Alas, the difference between the national lottery and some megachurch collection is that in the former, you never know who will strike the big one at every announcement. The odds are stacked against everyone.

But for the megachurches, you know the one who holds the winning numbers (so to speak) is always the leadership, which holds total rein over the money heap. Hence, you can say that the one who brings good news brings even better news for himself 

(My god, the redundancy rate for the idle funds are beyond comprehension as they keep pouring in beyond what any wise counsel in church knows what to do with them).

Here is how it went so biblically for one megachurch many years back.

In one of the collection drives to raise funds for its church's half of S$976m retail and entertainment complex, Joseph Prince bedazzled the 22,272 attendees with this embellished gospel tagline: -

"As they come forth Lord to sow, release upon them Father the power to get, to create, to receive wealth in the name of the Lord Jesus Christ." (I call this the "or-your-money-back" petition).

He also added: "Prosperity is right. Amen. We prosper to prosper others. We prosper to prosper God's kingdom, so come believing."

Well, I can't say that prosperity is wrong. Blessings are real from God. They are part of His promises. Admittedly, Joseph Prince has got a point there.

But the glittering carrot that Joseph Prince hangs over the expecting crowd is not the gospel that spoke the whole truth about prosperity. I guess the occasion (raising funds) requires one to frontload everything about prosperity and leave that which is a financial wet blanket out of the way right? Maybe….maybe not.

Mind you, the Rich Young Ruler walked away from Jesus not because he cannot serve God with his wealth. It is because he can't imagine himself serving God without his wealth. God alone is thus not sufficient for him.

That is what makes it disconcerting when a megachurch preacher resorts to what is quite indistinguishable from cutting a deal with his congregation by challenging them to give generously so that God would give them back manifold. The biblical cheerful giver is now spurred on by the profit motive.

(Honestly, wouldn't it be more honest to just tell them as it is, that is, convey the need in earnest, without swinging the golden carrot over the congregant's head as if God is all ready with his pen in one hand to issue out blank cheques? Truly, here, you can witness for yourself the difference between how a mainstream church asks for funds and how a megachurch does it. The latter's tactics is without a doubt unparalleled in ostentatiousness, self-confidence and charismatic exuberance).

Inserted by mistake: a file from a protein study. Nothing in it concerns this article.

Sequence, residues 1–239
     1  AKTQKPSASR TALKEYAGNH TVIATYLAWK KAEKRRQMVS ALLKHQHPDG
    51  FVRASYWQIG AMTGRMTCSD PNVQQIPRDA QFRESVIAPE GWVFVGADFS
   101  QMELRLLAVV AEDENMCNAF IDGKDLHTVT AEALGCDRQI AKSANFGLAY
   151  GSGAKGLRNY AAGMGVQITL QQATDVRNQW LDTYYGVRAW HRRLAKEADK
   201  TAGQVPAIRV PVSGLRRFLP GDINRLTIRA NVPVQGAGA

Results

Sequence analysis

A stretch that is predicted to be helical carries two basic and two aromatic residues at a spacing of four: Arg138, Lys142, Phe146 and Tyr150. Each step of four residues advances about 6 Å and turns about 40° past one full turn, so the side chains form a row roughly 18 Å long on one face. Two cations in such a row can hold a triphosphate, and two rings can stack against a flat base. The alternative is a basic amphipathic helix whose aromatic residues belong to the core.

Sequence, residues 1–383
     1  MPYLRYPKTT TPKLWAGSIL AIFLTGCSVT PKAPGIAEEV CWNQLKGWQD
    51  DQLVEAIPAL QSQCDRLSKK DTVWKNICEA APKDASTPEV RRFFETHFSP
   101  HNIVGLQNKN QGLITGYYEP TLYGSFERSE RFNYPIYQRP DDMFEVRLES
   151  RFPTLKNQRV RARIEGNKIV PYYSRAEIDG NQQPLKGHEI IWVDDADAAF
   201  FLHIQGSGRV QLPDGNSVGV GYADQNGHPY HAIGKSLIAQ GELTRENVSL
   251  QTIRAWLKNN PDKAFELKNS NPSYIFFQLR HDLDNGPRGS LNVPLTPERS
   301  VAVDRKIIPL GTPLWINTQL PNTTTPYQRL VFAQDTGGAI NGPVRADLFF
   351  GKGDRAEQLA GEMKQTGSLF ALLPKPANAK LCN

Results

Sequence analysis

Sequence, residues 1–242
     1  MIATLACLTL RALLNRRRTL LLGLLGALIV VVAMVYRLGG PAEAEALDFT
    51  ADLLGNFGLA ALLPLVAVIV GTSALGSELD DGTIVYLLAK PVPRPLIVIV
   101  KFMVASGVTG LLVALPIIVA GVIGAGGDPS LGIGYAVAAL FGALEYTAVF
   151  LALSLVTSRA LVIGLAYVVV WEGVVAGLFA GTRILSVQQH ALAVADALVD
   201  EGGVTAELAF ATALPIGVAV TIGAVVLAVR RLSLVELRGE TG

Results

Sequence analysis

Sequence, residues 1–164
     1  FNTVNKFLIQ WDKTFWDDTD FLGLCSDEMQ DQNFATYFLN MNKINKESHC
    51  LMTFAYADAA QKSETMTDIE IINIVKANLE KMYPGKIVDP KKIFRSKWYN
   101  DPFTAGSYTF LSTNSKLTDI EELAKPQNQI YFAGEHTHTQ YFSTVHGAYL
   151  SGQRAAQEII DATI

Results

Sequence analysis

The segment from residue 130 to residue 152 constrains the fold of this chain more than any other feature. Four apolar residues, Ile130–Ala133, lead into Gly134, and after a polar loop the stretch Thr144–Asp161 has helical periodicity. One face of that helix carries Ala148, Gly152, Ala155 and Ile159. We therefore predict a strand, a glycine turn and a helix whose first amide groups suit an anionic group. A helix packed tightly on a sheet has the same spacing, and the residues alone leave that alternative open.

Alas, this makes prosperity more of a trap to a lot of believers than a springboard to maturity in the faith.

In fact, if you harken to the words of the renowned theologian, Stanley Hauerwas, you ought to give pause for more reflection about the numbing effect of the prosperity gospel.

This is what he said:-

"Why (the churches in the West) are dying seems very simple. It is hard to be a disciple and be rich. Surely, we may think it cannot be that simple, but Jesus certainly seems to think that it is that simple. The lure of wealth and the cares of the world produced by wealth quite simply darken and choke our imaginations. As a result, the church falls prey to the deepest enemy of the gospel - serf mentality. The gospel becomes a formula for "giving our lives meaning" without judgment.""

The gospel therefore becomes a means to an end in this money-heaping exercise. While Jesus rejected the kingdom of this world, riches and all, knowing full well its corrupting influences, the cultural edifice of wealth today tempts every church leader to accept with open arms the kingdom of this world.

Sadly, some gave in - even unknowingly - because they can't imagine themselves serving God without their accumulated wealth. God, stripped of the wealth and reputation, is just one egg short of a dozen?

What's worse is that in giving in quite unknowingly, the preacher brings with him the gathering masses to this catatonic state of blissful unawareness.

So, when the whole truth is suppressed under the guise of a blank-cheque prosperity, it inevitably exposes the lies one is trying in vain to cover up behind the glittering pulpit. 

All this applies with equal force, if not urgency, to Billy Graham's other guiding principles like purity and humility in the Modesto Manifesto. The principles on paper are no doubt foundational cornerstone for living and leading an overcoming Christ-like life.

But cornerstone or not, the builders build the house by their hands and not by their mouth. The words on paper only come alive if the life follows them through, every word in the order it appears, up to the end of the line and life. In other words, it is the conscious, committed and covenantal effort that see to it that the house is eventually built from ground up that matters most.

It is only when the builder takes short cuts, walks the broad glittering way, compromises on the whole truth, and enriches himself with under-table gifts that his foundation crumbles the moment it is put to the test. 

This is where pastors fall, cross the line, tempt fate, and start to believe in their own invulnerability.

Let me end with the concluding words of J Lee Grady:-

"So much of what we call ministry today has been compromised by ego, marketing and man-made agendas. Some of our own "Spirit-filled" preachers are happy to sell a healing or a financial miracle for $29.95. Others claim spiritual superiority because they have the largest following on social media or because so many lined up to attend their packed conferences.

We have exchanged honesty, integrity, purity and humility for hype, fake anointing, manipulated photos, inflated attendance reports, sensuality and boastful swagger. God forgive us.

Billy Graham raised the bar for all ministers. I pray we will never forget his legacy." Amen. Cheerz.